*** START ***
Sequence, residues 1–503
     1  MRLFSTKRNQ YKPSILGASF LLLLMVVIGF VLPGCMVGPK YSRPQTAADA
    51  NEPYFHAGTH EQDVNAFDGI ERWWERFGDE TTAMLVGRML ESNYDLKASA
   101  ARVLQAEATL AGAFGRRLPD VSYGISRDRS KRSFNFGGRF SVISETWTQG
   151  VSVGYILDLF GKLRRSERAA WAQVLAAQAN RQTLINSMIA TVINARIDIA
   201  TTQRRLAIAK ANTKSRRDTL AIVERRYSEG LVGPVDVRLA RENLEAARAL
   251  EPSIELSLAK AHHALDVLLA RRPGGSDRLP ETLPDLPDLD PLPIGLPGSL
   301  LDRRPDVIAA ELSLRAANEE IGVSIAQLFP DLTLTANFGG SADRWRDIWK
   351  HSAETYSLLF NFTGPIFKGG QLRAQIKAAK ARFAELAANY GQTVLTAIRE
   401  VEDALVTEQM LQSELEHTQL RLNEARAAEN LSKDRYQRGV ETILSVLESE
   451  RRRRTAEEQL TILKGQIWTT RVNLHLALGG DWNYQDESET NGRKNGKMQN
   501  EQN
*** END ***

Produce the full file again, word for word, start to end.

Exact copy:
Sequence, residues 1–503
     1  MRLFSTKRNQ YKPSILGASF LLLLMVVIGF VLPGCMVGPK YSRPQTAADA
    51  NEPYFHAGTH EQDVNAFDGI ERWWERFGDE TTAMLVGRML ESNYDLKASA
   101  ARVLQAEATL AGAFGRRLPD VSYGISRDRS KRSFNFGGRF SVISETWTQG
   151  VSVGYILDLF GKLRRSERAA WAQVLAAQAN RQTLINSMIA TVINARIDIA
   201  TTQRRLAIAK ANTKSRRDTL AIVERRYSEG LVGPVDVRLA RENLEAARAL
   251  EPSIELSLAK AHHALDVLLA RRPGGSDRLP ETLPDLPDLD PLPIGLPGSL
   301  LDRRPDVIAA ELSLRAANEE IGVSIAQLFP DLTLTANFGG SADRWRDIWK
   351  HSAETYSLLF NFTGPIFKGG QLRAQIKAAK ARFAELAANY GQTVLTAIRE
   401  VEDALVTEQM LQSELEHTQL RLNEARAAEN LSKDRYQRGV ETILSVLESE
   451  RRRRTAEEQL TILKGQIWTT RVNLHLALGG DWNYQDESET NGRKNGKMQN
   501  EQN